If we continue to focus on the project, the widget, then we’re destined to be a participant of the public process for the remainder of our careers. And, if we’re lucky, we might find success.

On the other hand, if we think of the project as a means to another end perhaps we can start thinking about how to use our design, insight, problem solving and marketing skills in different ways. To promote our industry, to educate the interested and uninformed about what we have to offer, to find new markets.

Efficient Drawings

March 3, 2008

A few weeks ago we were talking in the office about how much wasted effort is involved in doing our work. I wasn’t sure the Powers-That-Be were really getting what we were talking about and I knew that the over-drafters wouldn’t follow the discussion well either (if they could, would they still be drafting for the sake of drafting?) so I decided to run a test on a drawing that I knew was overdone.

The original drawing contained nearly 2,000 objects. After thinking it through a bit and re-creating it (I traced over an Xref to make my job easier) I got it down to about 200 objects… just 10 percent of the original. I printed it out and showed it around and everyone started to understand even if they’re not sure yet how to get there.

I made a PowerPoint out of the example for grins and posted it up over at slideshare as part of a brief exploration of that site. I also embedded it below.

I am continually amazed at the potential of the internet to make connections. In the short time it’s been on the site it’s been viewed over 30 times and downloaded once. Not big numbers to be sure and some of them are likely people I’m working with but not all. It’s amazing that with so little effort you can start to influence people you have never and likely would never meet.

Think about what would be possible if you tried.

Off topic rant… sorry ’bout that.

If you’re going to use a 2D CAD program to create drawings I think it’s important to look backwards to when drawings were produced by hand with pencil and pen. The width of the pencil lead or pen tip was a determining factor in the level of detail you could place in a drawing. As was the understanding of how long it would take you to erase and recreate the work should it change.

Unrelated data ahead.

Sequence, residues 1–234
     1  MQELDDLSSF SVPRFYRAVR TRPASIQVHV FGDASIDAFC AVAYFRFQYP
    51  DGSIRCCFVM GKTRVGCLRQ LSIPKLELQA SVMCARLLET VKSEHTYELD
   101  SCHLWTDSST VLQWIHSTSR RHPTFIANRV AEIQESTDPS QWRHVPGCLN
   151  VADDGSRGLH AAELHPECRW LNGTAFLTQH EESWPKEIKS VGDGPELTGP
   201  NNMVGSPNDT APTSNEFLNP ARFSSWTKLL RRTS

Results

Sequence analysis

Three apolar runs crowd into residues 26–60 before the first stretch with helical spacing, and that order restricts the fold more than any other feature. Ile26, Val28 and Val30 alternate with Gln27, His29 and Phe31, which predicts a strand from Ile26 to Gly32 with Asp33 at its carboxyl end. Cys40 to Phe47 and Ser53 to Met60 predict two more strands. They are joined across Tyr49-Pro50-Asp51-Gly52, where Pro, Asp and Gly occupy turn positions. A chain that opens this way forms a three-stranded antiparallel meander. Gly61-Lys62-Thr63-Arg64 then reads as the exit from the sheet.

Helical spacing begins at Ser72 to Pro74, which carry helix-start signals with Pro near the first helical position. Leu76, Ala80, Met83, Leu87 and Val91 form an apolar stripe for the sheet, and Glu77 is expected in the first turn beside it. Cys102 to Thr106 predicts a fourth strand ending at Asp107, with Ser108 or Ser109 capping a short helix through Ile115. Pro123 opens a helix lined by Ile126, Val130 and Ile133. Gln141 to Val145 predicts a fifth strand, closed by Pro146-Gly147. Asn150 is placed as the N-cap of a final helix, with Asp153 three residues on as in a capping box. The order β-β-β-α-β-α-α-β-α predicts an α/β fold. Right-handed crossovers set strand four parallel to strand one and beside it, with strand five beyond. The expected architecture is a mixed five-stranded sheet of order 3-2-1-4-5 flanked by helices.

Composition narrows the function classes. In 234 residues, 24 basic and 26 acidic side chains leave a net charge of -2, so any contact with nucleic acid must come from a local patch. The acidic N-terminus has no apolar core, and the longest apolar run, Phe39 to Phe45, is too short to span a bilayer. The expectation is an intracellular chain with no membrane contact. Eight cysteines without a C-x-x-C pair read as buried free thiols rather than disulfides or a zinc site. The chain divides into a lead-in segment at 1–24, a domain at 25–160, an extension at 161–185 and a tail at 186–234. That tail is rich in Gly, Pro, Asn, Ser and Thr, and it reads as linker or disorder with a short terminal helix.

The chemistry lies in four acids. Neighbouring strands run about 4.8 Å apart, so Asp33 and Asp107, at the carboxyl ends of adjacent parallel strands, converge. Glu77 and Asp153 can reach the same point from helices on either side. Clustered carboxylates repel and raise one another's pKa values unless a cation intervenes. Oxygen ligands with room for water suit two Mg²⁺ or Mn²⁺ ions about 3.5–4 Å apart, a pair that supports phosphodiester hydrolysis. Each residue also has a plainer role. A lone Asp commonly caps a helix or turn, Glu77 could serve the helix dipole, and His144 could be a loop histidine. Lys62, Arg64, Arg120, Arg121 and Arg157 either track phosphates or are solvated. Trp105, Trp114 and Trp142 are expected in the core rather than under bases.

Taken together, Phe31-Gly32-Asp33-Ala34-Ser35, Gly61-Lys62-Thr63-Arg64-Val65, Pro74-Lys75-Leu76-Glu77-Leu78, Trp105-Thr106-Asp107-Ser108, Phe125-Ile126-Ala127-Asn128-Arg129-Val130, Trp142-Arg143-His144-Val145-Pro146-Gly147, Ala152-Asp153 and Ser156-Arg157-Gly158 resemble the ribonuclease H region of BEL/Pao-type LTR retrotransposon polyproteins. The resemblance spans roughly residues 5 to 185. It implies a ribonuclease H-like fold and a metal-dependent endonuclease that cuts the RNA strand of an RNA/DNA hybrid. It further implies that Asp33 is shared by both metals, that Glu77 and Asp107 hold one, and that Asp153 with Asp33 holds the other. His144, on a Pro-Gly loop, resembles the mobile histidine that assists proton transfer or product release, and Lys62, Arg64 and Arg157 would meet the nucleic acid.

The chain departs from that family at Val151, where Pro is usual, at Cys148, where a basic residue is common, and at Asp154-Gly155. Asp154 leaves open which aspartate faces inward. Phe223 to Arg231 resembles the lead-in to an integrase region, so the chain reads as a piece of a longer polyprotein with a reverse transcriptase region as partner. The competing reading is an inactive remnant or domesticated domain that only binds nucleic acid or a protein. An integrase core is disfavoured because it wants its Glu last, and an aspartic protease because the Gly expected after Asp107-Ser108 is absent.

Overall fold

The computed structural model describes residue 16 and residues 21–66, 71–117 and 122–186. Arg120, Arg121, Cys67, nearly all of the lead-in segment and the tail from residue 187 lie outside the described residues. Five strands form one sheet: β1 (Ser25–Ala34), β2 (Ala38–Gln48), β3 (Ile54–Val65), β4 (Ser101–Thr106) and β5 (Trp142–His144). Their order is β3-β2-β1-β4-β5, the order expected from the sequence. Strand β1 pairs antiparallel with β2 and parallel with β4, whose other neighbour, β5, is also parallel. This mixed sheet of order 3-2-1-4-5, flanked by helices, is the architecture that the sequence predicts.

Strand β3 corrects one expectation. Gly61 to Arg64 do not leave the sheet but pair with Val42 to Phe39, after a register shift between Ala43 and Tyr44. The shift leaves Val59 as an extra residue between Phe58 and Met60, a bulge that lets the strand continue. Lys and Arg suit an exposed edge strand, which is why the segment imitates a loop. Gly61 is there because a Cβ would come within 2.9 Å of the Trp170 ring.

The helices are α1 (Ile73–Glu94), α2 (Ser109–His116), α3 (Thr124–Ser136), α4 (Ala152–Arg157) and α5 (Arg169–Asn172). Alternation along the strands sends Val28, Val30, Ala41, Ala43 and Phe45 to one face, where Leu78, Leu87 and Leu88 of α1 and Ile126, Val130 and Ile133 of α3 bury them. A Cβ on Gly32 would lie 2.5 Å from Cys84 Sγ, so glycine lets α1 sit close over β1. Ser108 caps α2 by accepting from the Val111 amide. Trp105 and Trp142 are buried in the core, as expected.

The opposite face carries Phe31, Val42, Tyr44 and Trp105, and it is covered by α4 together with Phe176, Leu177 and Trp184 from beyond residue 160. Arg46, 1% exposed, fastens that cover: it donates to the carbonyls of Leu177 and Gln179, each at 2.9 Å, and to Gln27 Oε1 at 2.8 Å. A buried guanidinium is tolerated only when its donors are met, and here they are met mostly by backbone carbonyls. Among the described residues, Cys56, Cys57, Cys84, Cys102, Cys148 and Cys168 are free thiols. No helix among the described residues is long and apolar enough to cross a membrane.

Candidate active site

A parapet, for example, in a building section at 1/8″ = 1′-0″ might be nothing more than a 3 lines. In a 3/4″ wall section you might add a bit more information (enough to suggest the metal parapet cap). And you weren’t likely to see much more detail than this until you got down into the 1 1/2″ = 1′-0″ details. Changes to the detail usually didn’t necessitate changes to the building or wall sections thus making these changes was quick and easy.

One common method of using CAD is to place as much detail as possible into the building or wall sections and to simply zoom into them for the details. Sounds reasonable and is certainly easy to initially implement; after all, once the parapet is drafted in the first section it’s simple to copy the section to use a start for other drawings. A lot of ink is placed on the sheets in a short period of time and gives the illusion of work and thought. But what happens when the parapet detail needs to be changed under this methodology?

Well, if you’re going to do it correctly you need to find each of these sections that were copied from the original and make the appropriate change to each of them. What took the pencil drafter an hour or so might take the CAD operator an entire day… or more!

We need to get better at managing change. If our processes don’t acknowledge and allow for change easily then we are not managing change, the change is managing us.


February 18, 2008

Laura Handler, author of bim(x), posted a comment on the idea of an IDEO like practice in Architecture. Her suggestion of bringing in other design/construction disciplines into the process earlier forced me to examine my initial negative reaction to the idea.

Intellectually I think including these people on the team is important. Emotionally I cringe at the idea.